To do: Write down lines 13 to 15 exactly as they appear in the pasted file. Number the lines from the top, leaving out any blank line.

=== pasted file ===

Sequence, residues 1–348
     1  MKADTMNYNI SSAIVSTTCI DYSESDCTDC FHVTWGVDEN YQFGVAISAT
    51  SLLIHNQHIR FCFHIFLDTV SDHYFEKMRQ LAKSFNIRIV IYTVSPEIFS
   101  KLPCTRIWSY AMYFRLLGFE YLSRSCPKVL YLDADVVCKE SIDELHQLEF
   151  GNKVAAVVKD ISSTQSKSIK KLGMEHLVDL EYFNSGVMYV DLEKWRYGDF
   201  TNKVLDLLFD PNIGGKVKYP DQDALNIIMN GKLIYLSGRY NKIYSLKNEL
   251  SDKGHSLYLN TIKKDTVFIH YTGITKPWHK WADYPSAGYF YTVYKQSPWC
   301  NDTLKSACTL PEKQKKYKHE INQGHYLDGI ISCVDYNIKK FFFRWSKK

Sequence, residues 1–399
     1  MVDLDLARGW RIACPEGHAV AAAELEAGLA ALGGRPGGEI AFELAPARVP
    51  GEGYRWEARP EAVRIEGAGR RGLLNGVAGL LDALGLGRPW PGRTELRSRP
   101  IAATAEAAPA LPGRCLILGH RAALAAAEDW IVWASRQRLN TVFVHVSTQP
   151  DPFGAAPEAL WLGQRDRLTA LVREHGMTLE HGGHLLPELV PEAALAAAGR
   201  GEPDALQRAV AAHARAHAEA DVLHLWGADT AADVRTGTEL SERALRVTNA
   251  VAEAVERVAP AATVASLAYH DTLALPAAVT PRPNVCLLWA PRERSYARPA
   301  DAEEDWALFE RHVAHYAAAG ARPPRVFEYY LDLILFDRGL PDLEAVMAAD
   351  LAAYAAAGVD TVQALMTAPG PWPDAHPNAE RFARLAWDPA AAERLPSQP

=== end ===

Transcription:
   151  DPFGAAPEAL WLGQRDRLTA LVREHGMTLE HGGHLLPELV PEAALAAAGR
   201  GEPDALQRAV AAHARAHAEA DVLHLWGADT AADVRTGTEL SERALRVTNA
   251  VAEAVERVAP AATVASLAYH DTLALPAAVT PRPNVCLLWA PRERSYARPA